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Disclosure of Diagnostic Errors: the Death Knell of Retrospective Pathology Reviews?

Colgan, Terence J MD

Journal of Lower Genital Tract Disease: October 2005 - Volume 9 - Issue 4 - p 216-218
doi: 10.1097/01.lgt.0000179860.67574.22

Full disclosure of medical errors to patients is now widely seen as an essential component of error management, although its update into daily clinical practice is variable. Laboratory diagnostic errors are discovered in retrospective reviews of previous surgical and cytopathology cases. This quality assurance practice is a valuable tool of practice audit and change for both cytotechnologists and pathologists. Presently, these diagnostic errors are only reported to the clinician and patient if the new finding affects current patient management. Mandatory full disclosure of all diagnostic errors discovered in the retrospective review process would have a significant adverse impact on cytotechnologists, pathologists, the laboratory, the clinic, the institution, and insurers. Retrospective pathology review would become so burdensome that its survival would be in jeopardy-unless measures are undertaken to ameliorate the anticipated adverse consequences.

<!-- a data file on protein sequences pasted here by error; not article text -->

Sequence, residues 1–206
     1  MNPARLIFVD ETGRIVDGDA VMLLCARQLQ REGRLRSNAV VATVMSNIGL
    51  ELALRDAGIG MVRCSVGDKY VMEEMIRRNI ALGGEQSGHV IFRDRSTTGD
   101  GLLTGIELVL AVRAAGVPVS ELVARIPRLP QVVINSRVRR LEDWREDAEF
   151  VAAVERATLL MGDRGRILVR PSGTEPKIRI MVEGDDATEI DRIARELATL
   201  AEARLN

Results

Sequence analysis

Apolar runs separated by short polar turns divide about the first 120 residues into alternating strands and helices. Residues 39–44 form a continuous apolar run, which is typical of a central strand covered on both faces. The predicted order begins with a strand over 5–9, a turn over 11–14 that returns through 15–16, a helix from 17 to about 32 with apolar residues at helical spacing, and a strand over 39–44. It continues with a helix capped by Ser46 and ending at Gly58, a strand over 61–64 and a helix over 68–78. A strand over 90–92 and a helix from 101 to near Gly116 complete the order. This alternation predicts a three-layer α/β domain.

Any policy of full disclosure of diagnostic pathology errors to patients will adversely impact retrospective pathology review and quality assurance programs-unless it is implemented with prudent safeguards.

Department of Pathology and Laboratory Medicine, Mount Sinai Hospital, Toronto, Ontario, Canada

Reprint requests to: Terence J. Colgan, Pathology and Laboratory Medicine, Mount Sinai Hospital, Room 600, 600 University Avenue, Toronto, Ontario, Canada, M5G 1X5. E-mail:

©2005The American Society for Colposcopy and Cervical Pathology